Once again, Kashmir is up in revolt. The biggest uprising since 1989-1990 has disturbed six years of relative calm. The Kashmir dispute is now nearly 69 years old. So far, it has defied resolution. It has proved to be an intractable and recurrent problem. In the 2003-2008 period, it seemed that Kashmir was on the verge of being resolved finally between India and Pakistan. The Musharraf regime in Pakistan had struck a deal with India on the dispute's final solution, which would have guaranteed peace and brought autonomy and demilitarization to the state. However, since 2008 Kashmir has unfortunately entered a new phase of uncertainty and civil unrest, with no hope of a solution in sight.
The problem of Kashmir cannot be properly understood unless it is placed in its wider context. It is a legacy of the hasty termination of British rule on the Indian sub-continent. It is a legacy of Partition and bound up with the broader question of Indian Muslim nationhood. That is why the principal parties to the problem are the successor states of India and Pakistan. Although any solution has to be acceptable to the people of Kashmir, a solution that is not acceptable to Pakistan will simply not work.
In addition, the Kashmir problem also gives rise to the additional issue of the final status of Indian Muslims. Until 2014, all analysis and discussion of the Kashmir issue was premised on the assumption that India was a secular country and that Kashmiris under the leadership of Sheikh Abdullah, who was a secular socialist opposed to feudal rule, had chosen Nehru's secular republic. The election of the extremist wing of the BJP to power at the Centre in 2014 has undermined the whole basis of Kashmir's accession to India. It has also undermined the choice made by many Indian Muslims in 1947 to stay part of a united secular India. There are many regions in India with large Muslim populations such as Kerala, Lakshadweep, West Bengal, Assam, Hyderabad and many districts in UP and Bihar. The Muslims of these regions must now be asking themselves whether they made the right choice and whether they should have listened to the warnings of Jinnah. They certainly didn't expect to be lynched for eating beef.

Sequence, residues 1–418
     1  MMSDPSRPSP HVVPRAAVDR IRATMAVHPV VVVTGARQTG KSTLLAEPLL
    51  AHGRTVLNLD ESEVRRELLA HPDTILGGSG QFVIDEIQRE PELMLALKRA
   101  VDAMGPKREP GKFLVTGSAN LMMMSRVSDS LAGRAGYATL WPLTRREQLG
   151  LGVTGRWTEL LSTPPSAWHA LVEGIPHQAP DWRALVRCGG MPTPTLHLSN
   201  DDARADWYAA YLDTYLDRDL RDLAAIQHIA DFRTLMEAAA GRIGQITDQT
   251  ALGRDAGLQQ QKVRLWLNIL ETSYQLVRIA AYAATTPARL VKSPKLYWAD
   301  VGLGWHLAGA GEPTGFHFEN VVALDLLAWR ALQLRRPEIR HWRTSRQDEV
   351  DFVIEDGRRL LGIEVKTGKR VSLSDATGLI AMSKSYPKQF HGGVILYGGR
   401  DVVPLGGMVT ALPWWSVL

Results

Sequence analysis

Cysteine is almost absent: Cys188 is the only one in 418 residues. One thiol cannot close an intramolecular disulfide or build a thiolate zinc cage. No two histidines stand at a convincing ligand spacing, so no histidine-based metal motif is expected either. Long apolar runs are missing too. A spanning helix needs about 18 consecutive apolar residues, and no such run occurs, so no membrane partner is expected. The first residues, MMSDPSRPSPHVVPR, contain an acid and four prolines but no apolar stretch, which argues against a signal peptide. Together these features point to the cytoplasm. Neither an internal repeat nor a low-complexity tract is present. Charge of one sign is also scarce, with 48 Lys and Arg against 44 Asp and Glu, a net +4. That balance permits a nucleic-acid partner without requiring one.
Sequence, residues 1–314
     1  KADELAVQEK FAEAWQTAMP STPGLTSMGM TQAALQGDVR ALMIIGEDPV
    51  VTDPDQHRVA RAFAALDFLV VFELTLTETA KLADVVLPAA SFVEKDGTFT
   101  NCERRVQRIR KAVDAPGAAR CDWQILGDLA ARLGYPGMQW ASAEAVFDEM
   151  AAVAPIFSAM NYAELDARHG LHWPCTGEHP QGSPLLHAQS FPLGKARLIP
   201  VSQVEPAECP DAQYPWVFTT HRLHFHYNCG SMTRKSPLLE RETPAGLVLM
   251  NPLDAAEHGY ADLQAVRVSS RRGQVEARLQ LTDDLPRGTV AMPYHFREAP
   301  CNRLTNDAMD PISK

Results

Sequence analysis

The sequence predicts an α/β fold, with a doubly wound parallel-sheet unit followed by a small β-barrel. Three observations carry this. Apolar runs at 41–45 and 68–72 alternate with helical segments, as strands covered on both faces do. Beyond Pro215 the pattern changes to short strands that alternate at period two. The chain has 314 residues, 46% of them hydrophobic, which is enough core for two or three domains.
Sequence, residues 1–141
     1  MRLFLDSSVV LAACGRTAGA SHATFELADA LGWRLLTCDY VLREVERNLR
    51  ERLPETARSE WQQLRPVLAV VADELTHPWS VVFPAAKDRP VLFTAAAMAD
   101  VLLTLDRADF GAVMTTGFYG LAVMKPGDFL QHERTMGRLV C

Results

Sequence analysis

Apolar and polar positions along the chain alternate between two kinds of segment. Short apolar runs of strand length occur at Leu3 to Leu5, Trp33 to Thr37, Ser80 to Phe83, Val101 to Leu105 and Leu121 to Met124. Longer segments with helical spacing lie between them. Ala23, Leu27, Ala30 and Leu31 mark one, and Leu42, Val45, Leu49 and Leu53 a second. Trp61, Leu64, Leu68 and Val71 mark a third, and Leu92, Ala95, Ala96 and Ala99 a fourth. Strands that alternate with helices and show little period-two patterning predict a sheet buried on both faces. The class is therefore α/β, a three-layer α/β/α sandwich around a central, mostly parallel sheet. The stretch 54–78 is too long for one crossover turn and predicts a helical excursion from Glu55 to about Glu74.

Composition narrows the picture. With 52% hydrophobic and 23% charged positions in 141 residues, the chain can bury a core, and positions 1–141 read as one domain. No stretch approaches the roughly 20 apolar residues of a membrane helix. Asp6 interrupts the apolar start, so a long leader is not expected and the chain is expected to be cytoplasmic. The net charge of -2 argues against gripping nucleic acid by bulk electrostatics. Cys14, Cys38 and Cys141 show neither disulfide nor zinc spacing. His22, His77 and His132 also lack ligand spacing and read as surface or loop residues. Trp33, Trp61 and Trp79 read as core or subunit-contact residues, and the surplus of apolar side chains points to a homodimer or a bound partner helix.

India, without Pakistan and Bangladesh, was meant to a multi-ethnic secular country where every ethnic and religious group would have an equal opportunity to progress. As of now, caste Hindus only constitute 60% of the country's population. Muslims constitute 20% (and growing), Dalits 15% and the rest (Sikhs, Christians, Jains and Buddhists) constitute 5%. Yet, it is the party of caste Hindus that now controls the executive arm of the Central Government and the Lower House of Parliament. By inciting riot after riot, this party aims to entrench upper caste domination throughout India and crush minorities. It would outlaw beef consumption, religious conversions and criticisms of Modi, and it would construct the Ram Temple in Ayodhya and Sainik colonies in the Kashmir valley.
The consequences of this new politics for the fragile fabric holding together India remain to be seen. The uprising in Kashmir is the first serious challenge to this new politics. Although the PDP's alliance with the BJP initially reflected the fact that the BJP had emerged winner in Jammu, this alliance must now be seriously reconsidered. The sort of politics being espoused by the RSS-BJP is liable to set on fire the whole sub-continent. The PDP must immediately terminate the alliance and restore the party's credibility.
The external dimension of the new fanatic politics is the most dangerous. The party has given space to dangerous experimenters such as Ajit Doval, who wish to dismember Pakistan for a second time, or to Parikkar, who wish to employ dangerous military tactics to tackle insurgency, such as cross-border raids and shoot-at-sight. Modi's first step after taking power was to call for Pakistan to hand over the parts of Jammu and Kashmir administered by Pakistan. Its increasing belligerence in relation to Pakistan has sidelined all the moderate forces in that country such as the PPP and Nawaz Sharif, who were in favour of peace with India. Pakistan is now preparing for the possibility of an all-out conflict with India and the Army is again back in control of all foreign policy and defence issues. It is for this reason (i.e. the prospect of Indian belligerence) that Pakistan did not disband the Kashmir-centric militant groups and also developed tactical nuclear weapons. Such groups are seen as 'assets' in the event of any war with India, given that they are highly motivated and we have seen how highly motivated militias can be more effective in today's wars than disciplined, professional armies.
As long as this right wing brand of extreme politics remains dominant in India, there is little hope for peace in the sub-continent and every possibility of a large-scale war erupting between India and Pakistan. There will also be little chance of the current unrest in Kashmir ebbing away. In fact, it might get worse and spread to other parts of India, with Dalits and Muslims rejecting second-class status.